$\int(\hat{O}\psi_n)^*\psi_ndx=\int(\lambda_n\psi_n)^*\psi_ndx=\int\psi_n^*\lambda_n^*\psi_ndx$.

But by definition of Hermitains, we have that :

$\int(\hat{O}\psi_n)^*\psi_ndx=\int\psi_n^*\hat{O}\psi_ndx=\int \psi_n^*\lambda_n\psi_ndx.$

This in turn implies $\lambda_n=\lambda_n^*$ That is, the eigenvalues of $\hat{O}$ are real.

The above integrals can be expressed as:

$\lt\psi_n|\hat{O}\psi_n\gt=\lt\hat{O}\psi_n|\psi_n\gt$, by definition of Hermitian operator.

This means by definition of eigenfunction/eigenvalue:

$$\lt\psi_n|\lambda_n\psi_n\gt=\lt\lambda_n\psi_n|\psi_n\gt$$ $$\lt\psi_n|\lambda_n\psi_n\gt=\lt\psi_n|\lambda_n^*\psi_n\gt$$ $$0=(\lambda_n-\lambda_n^*)<\psi_n|\psi_n>$$

Since the eigenvalues are real, this follows for all wave functions.

Now, suppose:

$$\hat{H}\psi_m=E_m\psi_m$$ $$\hat{H}\psi_n=E_n\psi_n$$

Then:

$$\psi_n^*\hat{H}\psi_m=\psi_n^*E_m\psi_m$$ $$\psi_m^*\hat{H}\psi_n=\psi_m^*E_n\psi_n$$

The terms on the left are complex conjugates of each other, by Hermiticity, our energy eigenvalues are real, and our inner product is commutative. So if we subtract the equations from each other we have:

$$0=(E_m-E_n)\lt\psi_m|\psi_n\gt$$.

If our Eigenvalues are different, then the inner product of the eigenstates is zero, and therefor orthogonal.

Now, we don't have a state in the first place unless it is square integrable. If it is square integrable, it is normalizable, so we can always divide by some constant to guarantee its norm is 1. So orthogonal, normalizable states gives us an orthonormal basis.

Now the question is, is the basis complete? I'm not sure how to prove this in general, but there are theorems for the particular families of solutions depending on the potential. For example, Fourier Analysis guarantees completeness in the case of the infinite potential well. Analysis of the Hermite Polynomials addresses completeness of solutions for the Quantum Harmonic Oscillator. Legendre' polynomials answers this question for Spherical Harmonics. Laguerre Polynomials address the matter for a hydrogen atom.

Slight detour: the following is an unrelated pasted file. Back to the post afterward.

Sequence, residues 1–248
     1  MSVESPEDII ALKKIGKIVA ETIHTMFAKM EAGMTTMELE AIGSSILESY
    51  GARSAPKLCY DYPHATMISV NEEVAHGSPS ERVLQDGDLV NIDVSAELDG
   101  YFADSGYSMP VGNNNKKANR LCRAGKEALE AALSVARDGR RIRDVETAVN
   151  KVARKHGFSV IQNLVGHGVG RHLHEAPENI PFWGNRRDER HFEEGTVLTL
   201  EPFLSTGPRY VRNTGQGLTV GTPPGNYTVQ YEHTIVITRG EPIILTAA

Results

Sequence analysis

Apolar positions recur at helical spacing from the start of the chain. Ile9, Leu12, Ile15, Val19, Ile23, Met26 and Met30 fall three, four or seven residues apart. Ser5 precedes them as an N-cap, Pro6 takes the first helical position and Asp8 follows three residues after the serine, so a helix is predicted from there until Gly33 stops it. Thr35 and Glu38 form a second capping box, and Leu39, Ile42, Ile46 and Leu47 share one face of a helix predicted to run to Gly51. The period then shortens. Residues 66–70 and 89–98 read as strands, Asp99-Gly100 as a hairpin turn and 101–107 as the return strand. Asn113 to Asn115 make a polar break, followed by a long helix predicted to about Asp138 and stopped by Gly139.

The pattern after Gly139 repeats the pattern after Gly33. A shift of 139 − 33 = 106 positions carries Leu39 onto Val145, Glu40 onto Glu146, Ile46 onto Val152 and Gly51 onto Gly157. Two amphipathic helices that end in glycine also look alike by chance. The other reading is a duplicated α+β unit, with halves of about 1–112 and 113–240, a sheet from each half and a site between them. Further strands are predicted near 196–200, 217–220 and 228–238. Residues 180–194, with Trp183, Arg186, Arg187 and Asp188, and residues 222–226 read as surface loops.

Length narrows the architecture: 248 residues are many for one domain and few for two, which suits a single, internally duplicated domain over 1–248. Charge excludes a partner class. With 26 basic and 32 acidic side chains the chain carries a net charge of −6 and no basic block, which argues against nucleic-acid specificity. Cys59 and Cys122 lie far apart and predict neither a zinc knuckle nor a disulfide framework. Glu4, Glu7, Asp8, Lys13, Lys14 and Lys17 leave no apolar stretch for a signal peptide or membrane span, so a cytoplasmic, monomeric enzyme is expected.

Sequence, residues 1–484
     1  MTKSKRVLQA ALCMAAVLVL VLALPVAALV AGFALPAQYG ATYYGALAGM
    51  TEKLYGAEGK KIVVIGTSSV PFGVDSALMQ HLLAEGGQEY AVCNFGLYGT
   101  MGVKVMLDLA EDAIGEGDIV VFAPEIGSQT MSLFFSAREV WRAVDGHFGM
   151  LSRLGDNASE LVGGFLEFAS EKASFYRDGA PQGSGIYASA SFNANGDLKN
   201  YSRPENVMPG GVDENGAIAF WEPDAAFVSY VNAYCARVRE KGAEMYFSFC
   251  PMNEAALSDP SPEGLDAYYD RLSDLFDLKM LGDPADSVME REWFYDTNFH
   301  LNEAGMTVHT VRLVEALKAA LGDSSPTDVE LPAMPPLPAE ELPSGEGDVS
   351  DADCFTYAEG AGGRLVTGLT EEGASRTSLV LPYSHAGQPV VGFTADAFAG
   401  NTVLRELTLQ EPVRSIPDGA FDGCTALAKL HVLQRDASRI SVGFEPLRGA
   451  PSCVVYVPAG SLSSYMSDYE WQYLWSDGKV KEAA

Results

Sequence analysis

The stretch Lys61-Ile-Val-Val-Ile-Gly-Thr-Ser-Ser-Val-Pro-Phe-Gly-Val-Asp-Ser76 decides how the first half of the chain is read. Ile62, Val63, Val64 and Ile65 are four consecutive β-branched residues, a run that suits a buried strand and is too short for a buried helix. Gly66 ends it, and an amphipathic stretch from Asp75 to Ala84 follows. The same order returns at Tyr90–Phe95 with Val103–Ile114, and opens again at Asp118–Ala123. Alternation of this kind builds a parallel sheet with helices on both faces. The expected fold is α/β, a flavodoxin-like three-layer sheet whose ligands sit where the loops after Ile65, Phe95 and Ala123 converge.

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The linear operator representing an observable should have eigenvalues that are real. This isn't because the results of a measurement must logically be real -- e.g., we can measure complex impedances. But in any real-world application of the complex number system, we must always choose some arbitrary phase conventions, such as that an inductor has a positive imaginary impedance to represent the fact that the voltage leads the current by 90 degrees. (Such phase conventions are always arbitrary because we define $i$ as $\sqrt{-1}$, but this doesn't distinguish $i$ from $-i$.) These phase conventions are all independent of one another, and the classical ones are independent of the convention used for wavefunctions in quantum mechanics, which is that a state with positive energy twirls clockwise in the complex plane. Hermitian operators have real eigenvalues, and this is the reason we like Hermitian operators. (Actually Hermiticity is a little too strict.)